Shiny Things vs. Useful Things
Ooh…Shiny! ESP selection time is a time to be completely honest about your marketing program—now is the time to prioritize the ‘must have,’ ‘nice to have,’ and non-applicable features from the rest. I recommend including room for growth even if you won’t be using new functionality straight out of the gate. However, it’s best to plan to utilize these kinds of features somewhere within the coming 2 years; without a plan to incorporate them into your processes, you likely won’t use them at all.
During provider selection, it is very easy to get distracted by shiny, new features, widgets and marketing buzzwords. The vendor you select should have an eye toward continual innovation and continue developing their product roadmap.
Now you must ask yourself: does your newly found ESP actually pass the “shiny things test?”
In their hype cycle, Gartner categorizes up and coming technologies and tactics alongside their Expectations (Y-axis) and maturity over Time (X-axis). Currently, Artificial Intelligence is on its way up inside email and automation circles, so be wary of hype-ish promises and instead evaluate each of them as practical additions to your marketing capabilities.
In email marketing and automation, the 80-20 rule of the thumb reigns supreme. 80% of the users will only use 20% of the features (intensively). Make sure you base your selection on the features you will actually use!
Brace for Impact
Changing vendors can impact your deliverability to various degrees. If you are working with shared IPs or an IP range gone bad, making a switch may improve your deliverability score. Note that quite often, changing IP addresses or vendors results in a (temporary) deliverability hit.
But changing ESP’s isn’t a long-term solution to your own deeper-seated structural problems. If you were already on a dedicated IP and working with a reputable ESP, but still were encountering deliverability problems, the issue likely isn’t stemming from your provider. If the problems lie within your lists or sending practices, those issues will come back in an instant. In this case, there’s no need to switch—fix those problems first.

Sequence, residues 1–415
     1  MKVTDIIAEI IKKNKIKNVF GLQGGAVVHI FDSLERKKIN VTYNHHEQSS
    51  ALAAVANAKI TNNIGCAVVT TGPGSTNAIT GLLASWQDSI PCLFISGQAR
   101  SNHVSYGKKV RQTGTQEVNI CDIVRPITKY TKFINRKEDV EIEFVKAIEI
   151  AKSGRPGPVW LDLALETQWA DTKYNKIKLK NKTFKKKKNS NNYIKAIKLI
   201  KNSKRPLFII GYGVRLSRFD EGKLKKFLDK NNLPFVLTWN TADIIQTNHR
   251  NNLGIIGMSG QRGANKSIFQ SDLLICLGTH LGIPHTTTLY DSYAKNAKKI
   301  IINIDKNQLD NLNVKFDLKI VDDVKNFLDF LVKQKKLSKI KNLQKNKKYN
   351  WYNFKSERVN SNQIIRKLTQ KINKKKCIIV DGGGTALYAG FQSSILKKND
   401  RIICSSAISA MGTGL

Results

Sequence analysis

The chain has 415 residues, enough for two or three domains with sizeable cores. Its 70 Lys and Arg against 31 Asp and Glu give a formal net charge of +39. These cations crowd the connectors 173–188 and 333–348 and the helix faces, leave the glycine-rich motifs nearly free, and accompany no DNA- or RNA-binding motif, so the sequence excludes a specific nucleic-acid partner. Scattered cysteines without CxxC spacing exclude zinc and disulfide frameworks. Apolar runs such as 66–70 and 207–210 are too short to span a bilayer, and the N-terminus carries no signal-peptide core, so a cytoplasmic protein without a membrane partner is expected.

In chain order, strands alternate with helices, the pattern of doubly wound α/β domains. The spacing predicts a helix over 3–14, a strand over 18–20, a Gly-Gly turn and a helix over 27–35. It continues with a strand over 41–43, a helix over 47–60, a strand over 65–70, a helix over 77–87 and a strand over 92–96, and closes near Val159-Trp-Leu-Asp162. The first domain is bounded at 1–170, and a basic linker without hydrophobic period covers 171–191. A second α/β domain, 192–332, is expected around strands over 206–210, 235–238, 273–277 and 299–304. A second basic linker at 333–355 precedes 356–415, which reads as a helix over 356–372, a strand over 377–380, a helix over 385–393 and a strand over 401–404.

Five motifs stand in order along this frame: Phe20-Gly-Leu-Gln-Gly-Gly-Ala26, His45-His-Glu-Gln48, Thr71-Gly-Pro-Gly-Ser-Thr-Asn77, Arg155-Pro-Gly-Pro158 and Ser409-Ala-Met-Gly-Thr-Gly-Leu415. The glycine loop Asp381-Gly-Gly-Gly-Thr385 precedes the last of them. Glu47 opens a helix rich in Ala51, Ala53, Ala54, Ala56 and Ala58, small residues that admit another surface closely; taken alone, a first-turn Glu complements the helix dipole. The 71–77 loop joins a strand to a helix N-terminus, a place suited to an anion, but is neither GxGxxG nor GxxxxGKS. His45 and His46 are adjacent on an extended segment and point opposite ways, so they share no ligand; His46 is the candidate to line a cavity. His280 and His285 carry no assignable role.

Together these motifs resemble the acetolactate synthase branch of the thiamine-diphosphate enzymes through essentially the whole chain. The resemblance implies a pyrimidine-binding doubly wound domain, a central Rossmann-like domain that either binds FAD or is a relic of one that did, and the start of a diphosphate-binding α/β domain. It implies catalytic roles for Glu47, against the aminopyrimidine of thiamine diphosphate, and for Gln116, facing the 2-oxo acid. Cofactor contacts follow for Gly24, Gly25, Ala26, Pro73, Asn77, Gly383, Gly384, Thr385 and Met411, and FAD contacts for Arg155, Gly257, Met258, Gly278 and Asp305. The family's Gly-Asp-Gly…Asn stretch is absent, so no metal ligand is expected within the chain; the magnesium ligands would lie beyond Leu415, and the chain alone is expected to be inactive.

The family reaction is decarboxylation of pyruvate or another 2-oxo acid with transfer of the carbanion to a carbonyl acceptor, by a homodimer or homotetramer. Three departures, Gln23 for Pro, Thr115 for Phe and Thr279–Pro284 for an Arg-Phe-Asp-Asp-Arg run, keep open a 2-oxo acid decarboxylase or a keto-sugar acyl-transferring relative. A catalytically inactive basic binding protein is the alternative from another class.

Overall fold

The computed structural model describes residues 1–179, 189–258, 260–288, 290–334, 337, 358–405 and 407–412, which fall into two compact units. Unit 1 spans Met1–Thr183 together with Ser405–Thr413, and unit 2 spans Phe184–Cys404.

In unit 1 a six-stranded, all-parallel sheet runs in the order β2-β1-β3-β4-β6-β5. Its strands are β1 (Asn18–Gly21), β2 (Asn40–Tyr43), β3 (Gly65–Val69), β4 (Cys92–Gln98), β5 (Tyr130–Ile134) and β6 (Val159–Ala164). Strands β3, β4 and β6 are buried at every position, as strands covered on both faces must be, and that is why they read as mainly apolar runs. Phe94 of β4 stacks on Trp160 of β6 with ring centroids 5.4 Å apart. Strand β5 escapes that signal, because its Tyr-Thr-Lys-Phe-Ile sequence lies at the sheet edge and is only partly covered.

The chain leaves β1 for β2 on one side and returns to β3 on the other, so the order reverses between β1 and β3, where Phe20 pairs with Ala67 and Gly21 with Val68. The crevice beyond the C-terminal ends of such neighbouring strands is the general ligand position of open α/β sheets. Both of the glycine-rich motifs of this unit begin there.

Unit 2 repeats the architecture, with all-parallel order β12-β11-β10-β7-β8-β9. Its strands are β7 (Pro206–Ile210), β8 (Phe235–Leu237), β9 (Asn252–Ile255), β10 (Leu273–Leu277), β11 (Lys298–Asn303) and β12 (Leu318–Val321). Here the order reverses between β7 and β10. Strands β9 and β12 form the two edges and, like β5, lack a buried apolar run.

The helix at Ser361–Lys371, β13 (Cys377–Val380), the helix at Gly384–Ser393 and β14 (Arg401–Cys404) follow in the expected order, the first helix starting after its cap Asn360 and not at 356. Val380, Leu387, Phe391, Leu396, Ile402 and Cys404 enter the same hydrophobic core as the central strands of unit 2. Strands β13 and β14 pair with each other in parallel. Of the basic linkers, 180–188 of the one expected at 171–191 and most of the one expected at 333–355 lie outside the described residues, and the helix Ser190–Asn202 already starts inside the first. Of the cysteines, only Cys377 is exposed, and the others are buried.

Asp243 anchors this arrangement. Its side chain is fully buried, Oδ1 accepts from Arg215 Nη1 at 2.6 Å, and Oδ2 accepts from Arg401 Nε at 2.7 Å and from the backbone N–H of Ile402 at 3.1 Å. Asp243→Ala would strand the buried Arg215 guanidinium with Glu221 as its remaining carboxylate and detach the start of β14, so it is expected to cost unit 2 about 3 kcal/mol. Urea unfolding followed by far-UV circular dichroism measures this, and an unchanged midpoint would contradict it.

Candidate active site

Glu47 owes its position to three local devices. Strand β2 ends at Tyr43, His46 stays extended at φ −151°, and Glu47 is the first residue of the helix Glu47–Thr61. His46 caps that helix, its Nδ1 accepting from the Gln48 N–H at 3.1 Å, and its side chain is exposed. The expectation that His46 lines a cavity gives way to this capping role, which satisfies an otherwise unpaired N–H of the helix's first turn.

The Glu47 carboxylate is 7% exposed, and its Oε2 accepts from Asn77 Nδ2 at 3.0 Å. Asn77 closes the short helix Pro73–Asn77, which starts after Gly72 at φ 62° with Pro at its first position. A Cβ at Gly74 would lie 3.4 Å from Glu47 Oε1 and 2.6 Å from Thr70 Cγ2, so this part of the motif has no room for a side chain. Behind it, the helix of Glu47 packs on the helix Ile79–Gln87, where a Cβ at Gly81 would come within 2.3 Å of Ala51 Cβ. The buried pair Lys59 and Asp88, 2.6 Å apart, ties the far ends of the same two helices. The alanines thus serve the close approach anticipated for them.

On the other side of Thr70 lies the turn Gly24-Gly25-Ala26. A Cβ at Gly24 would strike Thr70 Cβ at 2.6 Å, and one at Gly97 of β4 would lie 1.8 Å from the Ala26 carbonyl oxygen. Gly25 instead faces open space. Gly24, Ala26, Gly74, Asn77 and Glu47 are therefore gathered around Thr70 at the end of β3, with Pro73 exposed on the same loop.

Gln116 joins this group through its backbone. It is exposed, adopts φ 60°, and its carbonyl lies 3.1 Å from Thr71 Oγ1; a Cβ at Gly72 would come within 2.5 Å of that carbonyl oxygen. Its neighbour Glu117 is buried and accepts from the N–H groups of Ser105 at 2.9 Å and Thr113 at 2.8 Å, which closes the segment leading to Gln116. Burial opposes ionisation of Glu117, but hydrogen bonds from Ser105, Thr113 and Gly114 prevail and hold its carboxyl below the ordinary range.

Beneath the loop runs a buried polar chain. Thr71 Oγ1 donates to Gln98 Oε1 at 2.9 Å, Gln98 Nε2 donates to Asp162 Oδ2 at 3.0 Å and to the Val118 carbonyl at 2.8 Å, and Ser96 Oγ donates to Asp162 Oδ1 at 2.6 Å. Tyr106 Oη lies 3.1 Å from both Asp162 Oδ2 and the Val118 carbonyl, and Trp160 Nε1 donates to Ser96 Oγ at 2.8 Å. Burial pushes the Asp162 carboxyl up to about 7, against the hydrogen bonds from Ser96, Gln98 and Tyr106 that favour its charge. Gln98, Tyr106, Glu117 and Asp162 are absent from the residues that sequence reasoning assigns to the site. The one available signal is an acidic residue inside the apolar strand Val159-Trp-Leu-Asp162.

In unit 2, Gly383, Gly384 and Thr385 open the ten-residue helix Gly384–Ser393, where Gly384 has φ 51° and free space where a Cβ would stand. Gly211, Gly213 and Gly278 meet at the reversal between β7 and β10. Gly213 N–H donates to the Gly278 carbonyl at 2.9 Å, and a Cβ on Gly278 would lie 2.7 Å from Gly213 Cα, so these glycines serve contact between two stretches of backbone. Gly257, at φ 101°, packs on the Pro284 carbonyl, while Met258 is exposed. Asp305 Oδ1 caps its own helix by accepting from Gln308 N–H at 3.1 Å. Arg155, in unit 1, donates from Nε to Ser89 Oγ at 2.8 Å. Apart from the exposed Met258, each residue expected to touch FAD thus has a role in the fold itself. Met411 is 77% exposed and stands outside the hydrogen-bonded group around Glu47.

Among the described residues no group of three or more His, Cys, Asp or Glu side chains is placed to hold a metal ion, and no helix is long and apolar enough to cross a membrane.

When you are switching ESPs, there will be a delivery interruption during the switch. Plan ahead to ensure your contract with your previous ESP is not yet discontinued so you can still deliver emails during the transition. If you’ve built a solid onboarding plan, you can gradually start migrating your database segments and outbound campaigns. With the right plan in place, switching can be quite smooth.
If you will be sending with shared IPs on the new ESP, there is no need to do IP warming. That is because the IP-pool you are entering is already warmed up. Additionally, some vendors offer warm IP addresses that will become your new dedicated IP. This is a safe fall-back measure to look for if your business relies heavily on email marketing. If all goes well, planning it out well results in very few send interruptions.
Tying It Together
There are a lot of factors that go into selecting the right ESP and migration strategy for your organization. Research carefully and take your time prior to selection. It’s best to fully comprehend your short- and long-term email strategies, desired goals, and business requirements before looking into the market. Learn to navigate around the “Shiny Object Syndrome” or a too heavy emphasis on price over function. Once chosen, plan your migration together with the new ESP and get the party started.